Taoiseach urged to intervene in schools reopening amid claims Ministers have 'lost control'

The Department of Education conceded last night that the phased return of special schools and classes could not go ahead on Thursday.
Taoiseach urged to intervene in schools reopening amid claims Ministers have 'lost control'

Calls have been made on the Taoiseach to directly intervene in talks to reopen special education as the responsible Ministers have "lost control" of the situation.

Opposition parties have rounded on Education Minister Norma Foley and have questioned her ability to get children with special education needs back into the classroom following two failed attempts.

Sinn Féin and Labour have also hit out at Minister of State for Special Education Josepha Madigan after she compared children with additional needs not attending school to the mother and baby homes.

Sinn Féin president Mary Lou McDonald told the Dáil that responsibility for the "mess" lies squarely with the Government as they failed to develop a Plan B.

"Your government has now abandoned plans to reopen special schools this week and special education. Minister Foley has twice promised that this would happen and she has twice failed to deliver on the promises," she told the Taoiseach.

She said the Education Minister had shown "gross misjudgement" on special schools and had "rushed very quickly to point fingers" at SNAs and teachers when the Government is responsible for the "fiasco".

However, Taoiseach Micheál Martin said engagement with representatives continues and Ms Foley will be speaking to the parents of children with special educational needs today.

"It's wrong to play politics with children with special needs, which is what I've witnessed this morning," he said.

Labour's education spokesperson Aodhán Ó Ríordán called on the Taoiseach to get involved in failed talks to reopen special education.

Referring to comments made by Ms Madigan and Ms Foley, he said: "We have been doing our best as a political entity to try to be constructive.

"So Taoiseach can I ask you in the spirit of being constructive, that your office will now get centrally involved in the situation, that you would appreciate the severity of the situation and how dangerous it is for young people to be out of school for this length of time.

"Will you recognise that the entire reopening of schools is now in jeopardy because of the bad faith that has been shown by ministers in their public comments?"

He suggested that the next round of vaccinations should include those working in education.

Speaking on radio this morning, Ms Madigan said: "We spent last week talking about Mother and Baby Homes, where our most vulnerable were left to their own devices in less than satisfactory conditions and we're now allowing further anxiety and upset to be placed on the shoulders of parents whose children desperately need to go to school."

Separately Ms Madigan has corrected the record of the Dáil today after she referred to children without special educational needs as "normal" during a debate last week.

Education Minister Norma Foley said: "There can be nothing more essential than providing care and education for children with additional needs."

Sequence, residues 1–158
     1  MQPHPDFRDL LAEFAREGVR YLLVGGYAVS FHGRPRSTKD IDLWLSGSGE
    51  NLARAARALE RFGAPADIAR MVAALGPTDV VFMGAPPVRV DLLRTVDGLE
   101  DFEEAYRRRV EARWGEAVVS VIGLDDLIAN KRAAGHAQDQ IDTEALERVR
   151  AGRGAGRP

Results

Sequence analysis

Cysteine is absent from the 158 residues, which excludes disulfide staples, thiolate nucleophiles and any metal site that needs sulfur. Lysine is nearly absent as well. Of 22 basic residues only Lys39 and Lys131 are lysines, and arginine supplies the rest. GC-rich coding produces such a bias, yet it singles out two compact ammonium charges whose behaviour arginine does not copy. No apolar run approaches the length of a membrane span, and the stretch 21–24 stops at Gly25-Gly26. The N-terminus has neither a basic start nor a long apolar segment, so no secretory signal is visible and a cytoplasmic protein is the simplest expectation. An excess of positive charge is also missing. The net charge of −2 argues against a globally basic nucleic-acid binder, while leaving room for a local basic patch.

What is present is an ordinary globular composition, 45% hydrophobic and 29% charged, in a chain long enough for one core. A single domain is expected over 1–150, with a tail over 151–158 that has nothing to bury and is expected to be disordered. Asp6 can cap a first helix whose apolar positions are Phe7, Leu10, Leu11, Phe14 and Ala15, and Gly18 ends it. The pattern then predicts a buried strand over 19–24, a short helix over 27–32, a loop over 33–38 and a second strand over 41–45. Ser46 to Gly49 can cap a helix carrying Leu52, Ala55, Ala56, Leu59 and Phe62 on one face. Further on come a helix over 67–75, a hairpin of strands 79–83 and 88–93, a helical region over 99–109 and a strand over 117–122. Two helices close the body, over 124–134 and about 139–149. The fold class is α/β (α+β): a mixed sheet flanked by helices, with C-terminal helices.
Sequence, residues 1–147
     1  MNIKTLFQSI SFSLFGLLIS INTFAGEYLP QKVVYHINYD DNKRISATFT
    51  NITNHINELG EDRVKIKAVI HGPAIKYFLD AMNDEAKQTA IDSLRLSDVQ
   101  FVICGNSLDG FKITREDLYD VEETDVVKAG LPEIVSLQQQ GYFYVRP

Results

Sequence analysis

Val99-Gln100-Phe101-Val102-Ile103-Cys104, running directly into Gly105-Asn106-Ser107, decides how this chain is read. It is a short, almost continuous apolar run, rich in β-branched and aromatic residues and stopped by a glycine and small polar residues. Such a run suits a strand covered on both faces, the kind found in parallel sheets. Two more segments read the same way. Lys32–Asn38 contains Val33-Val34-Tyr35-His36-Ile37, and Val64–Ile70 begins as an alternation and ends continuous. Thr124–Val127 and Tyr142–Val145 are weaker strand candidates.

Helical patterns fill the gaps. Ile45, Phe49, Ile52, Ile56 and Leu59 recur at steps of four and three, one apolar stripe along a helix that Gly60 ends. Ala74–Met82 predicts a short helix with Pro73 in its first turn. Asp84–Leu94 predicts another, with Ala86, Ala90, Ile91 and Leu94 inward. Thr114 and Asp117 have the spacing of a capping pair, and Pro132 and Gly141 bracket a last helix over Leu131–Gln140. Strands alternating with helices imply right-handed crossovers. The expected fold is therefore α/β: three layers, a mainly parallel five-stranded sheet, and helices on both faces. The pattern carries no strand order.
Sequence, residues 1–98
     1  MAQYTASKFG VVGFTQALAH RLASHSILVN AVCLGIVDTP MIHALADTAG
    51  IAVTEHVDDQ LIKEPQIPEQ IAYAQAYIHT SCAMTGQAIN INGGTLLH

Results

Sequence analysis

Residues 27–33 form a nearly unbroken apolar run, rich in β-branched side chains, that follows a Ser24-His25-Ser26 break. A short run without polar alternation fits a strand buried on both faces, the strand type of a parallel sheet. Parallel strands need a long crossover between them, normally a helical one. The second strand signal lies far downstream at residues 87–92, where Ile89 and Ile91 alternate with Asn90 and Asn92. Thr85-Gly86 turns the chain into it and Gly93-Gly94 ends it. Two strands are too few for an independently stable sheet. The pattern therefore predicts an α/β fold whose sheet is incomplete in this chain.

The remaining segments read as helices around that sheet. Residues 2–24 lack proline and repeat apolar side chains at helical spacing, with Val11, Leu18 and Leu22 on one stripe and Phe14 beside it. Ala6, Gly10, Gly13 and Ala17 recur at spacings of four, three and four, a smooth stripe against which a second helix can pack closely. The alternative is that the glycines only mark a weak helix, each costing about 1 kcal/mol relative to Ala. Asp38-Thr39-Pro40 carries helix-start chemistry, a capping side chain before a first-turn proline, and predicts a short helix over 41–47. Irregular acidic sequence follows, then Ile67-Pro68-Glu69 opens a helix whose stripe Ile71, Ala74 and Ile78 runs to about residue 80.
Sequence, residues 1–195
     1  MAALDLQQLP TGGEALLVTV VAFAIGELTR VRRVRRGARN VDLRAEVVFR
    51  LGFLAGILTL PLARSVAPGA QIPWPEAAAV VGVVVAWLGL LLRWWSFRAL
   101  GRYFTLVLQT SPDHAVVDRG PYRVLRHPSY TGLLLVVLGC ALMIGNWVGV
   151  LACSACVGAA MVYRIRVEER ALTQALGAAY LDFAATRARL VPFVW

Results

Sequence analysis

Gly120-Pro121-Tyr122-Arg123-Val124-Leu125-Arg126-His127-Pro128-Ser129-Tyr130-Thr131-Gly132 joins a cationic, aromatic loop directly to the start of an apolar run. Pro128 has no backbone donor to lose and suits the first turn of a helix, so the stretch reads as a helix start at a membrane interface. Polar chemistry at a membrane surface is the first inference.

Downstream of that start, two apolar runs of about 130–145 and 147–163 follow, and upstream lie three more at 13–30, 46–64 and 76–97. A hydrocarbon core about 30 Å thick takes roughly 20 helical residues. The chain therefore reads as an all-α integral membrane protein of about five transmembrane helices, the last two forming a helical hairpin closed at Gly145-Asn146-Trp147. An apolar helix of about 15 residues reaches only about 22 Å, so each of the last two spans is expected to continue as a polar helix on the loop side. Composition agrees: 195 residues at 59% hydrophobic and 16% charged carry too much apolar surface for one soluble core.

Education Minister Norma Foley said: "There can be nothing more essential than providing care and education for children with additional needs."

"The word was not appropriate and I did not use this intentionally. This is not what I meant to say," she told the Dáil.

Earlier, Ms Foley slammed a union head as "disingenuous" as the row over special schools became increasingly divisive. 

The Department of Education conceded last night that the phased return of special schools and classes could not go ahead on Thursday.

Appearing on RTÉ's Morning Ireland, John Boyle from the INTO said his union very clearly did not instruct its members not to show up for work tomorrow, something Education Minister Norma Foley called "incredibly disingenuous".

"He has made it very clear in statements that they were not happy to accept the public health advice that was issued to them, that they were not happy to accept all of the measures that were put in place," she said.

"The public health advice was categorical, unequivocal, and this is public health advice that came from two experts who have worked hand in hand and with whom, Mr Boyle, and the other union leaders met on a weekly basis throughout the reopening of our schools."

It was pointed out that nowhere in their statement did the unions say they had instructed their members not to show.

Ms Foley replied that "guidelines were issued last Friday, guidelines that they had seen, and that they were happy to issue to schools in preparation for a reopening on Thursday, and now at the 11th hour, they have said that they cannot accept the public health advice and we had no guarantee, none whatsoever, from the unions that staff will be prepared to turn up on the day".

It was pointed out to Ms Foley that the public health advice given to teachers did not garner much confidence in their return.

A statement by deputy chief medical officer, Dr Ronan Glynn's has been highlighted among the union concerns. Mr Glynn said: "The experience to date does align with the fact that schools in themselves are a safe environment, but whenever you have levels of transmission like this the reality is that schools and everything else we provide are threatened, and unfortunately that came to pass."

Ms Foley said the statement should be seen in the "broader context of what was also said that day and indeed what has been said previously in relation to public health, that when, generally, society is not doing what general society has been asked to do in terms of reducing contacts and following public health advice, it puts us in a precarious position".

"It did not change, schools had proven themselves to be safe environments.

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